A local backup can prepare you for almost any situation – from a virus to a corrupted operating system, and even in the event of complete hardware failure. However, what happens if a real-world disaster occurs? In the event of a fire, a flood, or some other serious catastrophe, the loss of years of irreplaceable information can be just as bad as the loss of physical property. For these situations, one of the only truly viable options is a cloud backup. A lot of people find the cloud very confusing, but it’s actually quite simple. It’s simply a bunch of computers owned by a company that you are renting some space on. Think of it like any physical storage rental; if you have some prized possessions that you want to keep safe, or you simply do not have enough room to store everything, you can rent storage from a company to hold them for you. The advantages are obviously that, should anything bad happen locally, your data will be safe elsewhere. Also, since the cloud is connected to the Internet, you can access the information stored there from anywhere, so long as you have your username and password handy. Additionally, like most automatic local backups, cloud storage backups can occur on a regular schedule without any upkeep or direct involvement from the user. On the down-side, for any reasonable amount of storage, most services require you to pay a monthly subscription fee, and should you stop paying, you may lose access to your information. Backups made to the cloud also can’t be as complete as a good local backup. If one of the most important things to you regarding your data is keeping your settings, apps, and software safe in addition to traditional files such as pictures, documents, and emails, this may not be the option for you, or at least, should not be the only option you use. Another thing to consider is that these backups also tend to take longer since the speed at which you can back up your data is ultimately limited by the speed of your Internet connection. Finally, while the issue of complacency and false security for the previous method are definitely still a potential concern, cloud services, since they’re managed by a professional company that you are paying a subscription to, will typically notify you much more persistently if something is amiss. Thus, only the most negligent disregard of their warnings will leave you at risk. At the end of the day, the cloud option’s greatest strength is the fact that it’s decentralized, and thus not in any one place. If you have multiple devices that you need to access important files from anywhere, or if you live in a place that is prone to leaks, storms, fires, or any other natural disasters, the cloud backup option would be advisable. If you live in a place where your internet connection may not be the best, or you are on a budget and cannot fully commit to a subscription fee, then you may want to look at a local backup solution as your data backup choice.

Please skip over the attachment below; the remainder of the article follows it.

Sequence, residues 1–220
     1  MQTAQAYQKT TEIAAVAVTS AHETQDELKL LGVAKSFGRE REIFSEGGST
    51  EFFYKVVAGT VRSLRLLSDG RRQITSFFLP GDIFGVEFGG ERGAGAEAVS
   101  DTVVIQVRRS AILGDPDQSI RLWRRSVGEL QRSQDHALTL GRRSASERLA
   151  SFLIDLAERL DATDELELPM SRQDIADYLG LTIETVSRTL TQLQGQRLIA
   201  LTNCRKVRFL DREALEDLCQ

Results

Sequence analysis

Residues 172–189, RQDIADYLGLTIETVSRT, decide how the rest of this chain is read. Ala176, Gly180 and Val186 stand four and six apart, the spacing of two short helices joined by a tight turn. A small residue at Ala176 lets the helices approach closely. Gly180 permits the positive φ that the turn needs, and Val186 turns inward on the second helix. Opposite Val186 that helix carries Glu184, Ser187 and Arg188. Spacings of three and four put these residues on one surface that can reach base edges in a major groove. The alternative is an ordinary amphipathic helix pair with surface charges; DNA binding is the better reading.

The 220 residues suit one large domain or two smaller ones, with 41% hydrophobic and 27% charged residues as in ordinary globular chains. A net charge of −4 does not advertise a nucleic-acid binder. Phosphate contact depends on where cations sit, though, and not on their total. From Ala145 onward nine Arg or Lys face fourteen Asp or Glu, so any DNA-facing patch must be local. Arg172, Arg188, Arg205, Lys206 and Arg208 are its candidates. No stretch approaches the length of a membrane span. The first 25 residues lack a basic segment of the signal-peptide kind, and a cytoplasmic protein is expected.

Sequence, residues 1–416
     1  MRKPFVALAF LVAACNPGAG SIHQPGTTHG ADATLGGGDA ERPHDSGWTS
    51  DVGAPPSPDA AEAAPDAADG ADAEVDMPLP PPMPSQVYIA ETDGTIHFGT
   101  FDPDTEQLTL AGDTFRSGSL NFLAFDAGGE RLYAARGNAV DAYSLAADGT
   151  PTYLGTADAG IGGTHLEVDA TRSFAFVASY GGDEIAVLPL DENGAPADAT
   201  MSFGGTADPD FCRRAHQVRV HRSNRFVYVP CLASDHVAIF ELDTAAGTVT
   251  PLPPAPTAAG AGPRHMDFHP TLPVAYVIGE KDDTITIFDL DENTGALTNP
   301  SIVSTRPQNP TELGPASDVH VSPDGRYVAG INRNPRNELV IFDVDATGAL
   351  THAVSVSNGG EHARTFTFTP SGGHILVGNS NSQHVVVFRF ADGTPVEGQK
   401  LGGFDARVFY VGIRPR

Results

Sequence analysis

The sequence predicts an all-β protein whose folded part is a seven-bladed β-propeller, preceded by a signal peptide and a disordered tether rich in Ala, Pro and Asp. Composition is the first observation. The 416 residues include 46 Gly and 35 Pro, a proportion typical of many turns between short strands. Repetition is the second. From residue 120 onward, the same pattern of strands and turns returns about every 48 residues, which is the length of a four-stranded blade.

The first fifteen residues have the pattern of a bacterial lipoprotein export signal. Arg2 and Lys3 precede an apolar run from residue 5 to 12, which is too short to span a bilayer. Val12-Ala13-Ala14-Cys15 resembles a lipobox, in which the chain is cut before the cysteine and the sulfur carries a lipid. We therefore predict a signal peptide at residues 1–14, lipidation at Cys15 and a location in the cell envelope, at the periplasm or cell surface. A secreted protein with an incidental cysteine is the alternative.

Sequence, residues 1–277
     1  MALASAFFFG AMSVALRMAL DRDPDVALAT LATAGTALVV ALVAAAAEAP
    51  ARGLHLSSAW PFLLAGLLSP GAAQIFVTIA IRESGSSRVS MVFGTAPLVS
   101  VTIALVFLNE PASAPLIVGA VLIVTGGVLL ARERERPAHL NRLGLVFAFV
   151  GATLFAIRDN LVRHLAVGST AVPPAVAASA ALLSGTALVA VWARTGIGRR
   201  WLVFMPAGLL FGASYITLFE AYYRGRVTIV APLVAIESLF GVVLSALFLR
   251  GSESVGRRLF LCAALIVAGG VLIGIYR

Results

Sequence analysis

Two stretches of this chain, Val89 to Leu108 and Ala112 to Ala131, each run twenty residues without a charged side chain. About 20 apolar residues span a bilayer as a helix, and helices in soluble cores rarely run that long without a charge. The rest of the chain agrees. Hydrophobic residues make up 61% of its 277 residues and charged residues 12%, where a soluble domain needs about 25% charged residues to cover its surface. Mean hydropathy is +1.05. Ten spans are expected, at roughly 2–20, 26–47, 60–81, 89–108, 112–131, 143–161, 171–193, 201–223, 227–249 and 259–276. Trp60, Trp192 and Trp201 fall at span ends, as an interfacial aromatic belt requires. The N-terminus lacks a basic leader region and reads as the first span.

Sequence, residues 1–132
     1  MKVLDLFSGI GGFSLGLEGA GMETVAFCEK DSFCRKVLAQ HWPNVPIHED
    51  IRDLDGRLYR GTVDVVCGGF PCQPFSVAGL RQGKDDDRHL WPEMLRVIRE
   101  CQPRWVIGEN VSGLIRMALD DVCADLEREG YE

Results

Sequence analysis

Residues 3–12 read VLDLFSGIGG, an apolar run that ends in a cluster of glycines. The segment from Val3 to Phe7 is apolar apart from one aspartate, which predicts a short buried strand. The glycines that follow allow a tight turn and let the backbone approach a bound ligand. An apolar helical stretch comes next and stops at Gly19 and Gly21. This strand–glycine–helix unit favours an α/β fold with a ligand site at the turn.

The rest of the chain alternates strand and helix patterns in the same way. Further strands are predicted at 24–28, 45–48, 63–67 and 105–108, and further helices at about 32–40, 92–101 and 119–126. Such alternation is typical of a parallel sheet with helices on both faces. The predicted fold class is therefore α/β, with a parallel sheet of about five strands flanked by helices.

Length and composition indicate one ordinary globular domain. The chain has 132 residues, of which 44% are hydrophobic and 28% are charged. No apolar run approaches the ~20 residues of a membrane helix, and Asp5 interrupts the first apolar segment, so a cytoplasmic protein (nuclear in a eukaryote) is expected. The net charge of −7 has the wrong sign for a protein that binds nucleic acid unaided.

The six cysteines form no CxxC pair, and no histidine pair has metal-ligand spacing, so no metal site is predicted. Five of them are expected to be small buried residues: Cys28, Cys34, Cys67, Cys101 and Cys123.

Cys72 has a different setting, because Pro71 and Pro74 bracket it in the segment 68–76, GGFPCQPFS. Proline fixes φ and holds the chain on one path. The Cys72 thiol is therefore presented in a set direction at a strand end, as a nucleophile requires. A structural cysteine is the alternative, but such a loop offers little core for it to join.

Nobody likes to think that it could happen to them, but the reality is that the loss of data could happen to anybody. Most of the time, it’s not due to the user’s negligence, but rather an accident or sudden failure of hardware. The future is digital; most of our most important files from family pictures and professional resumes to email correspondence with clients can be lost if not properly copied over. Gone are the days where a kid can use the age-old excuse of “My dog ate my homework!” Nowadays, it’s more like “A virus killed my computer!”.
It is important to any user of a computer, Mac or PC, to treat their data as something precious. You only need to lose it all once. It is up to the user to take preventative measures to ensure that their life doesn’t come to a halt in case of computer failure. Take a look at your data and your schedule to figure out what type of backups are right for you!
If you want to protect your data and want to know which solution may be the best for you, give us a call at RGB Computer Solutions at 781-749-1130 to see how we can help you keep your precious files safe!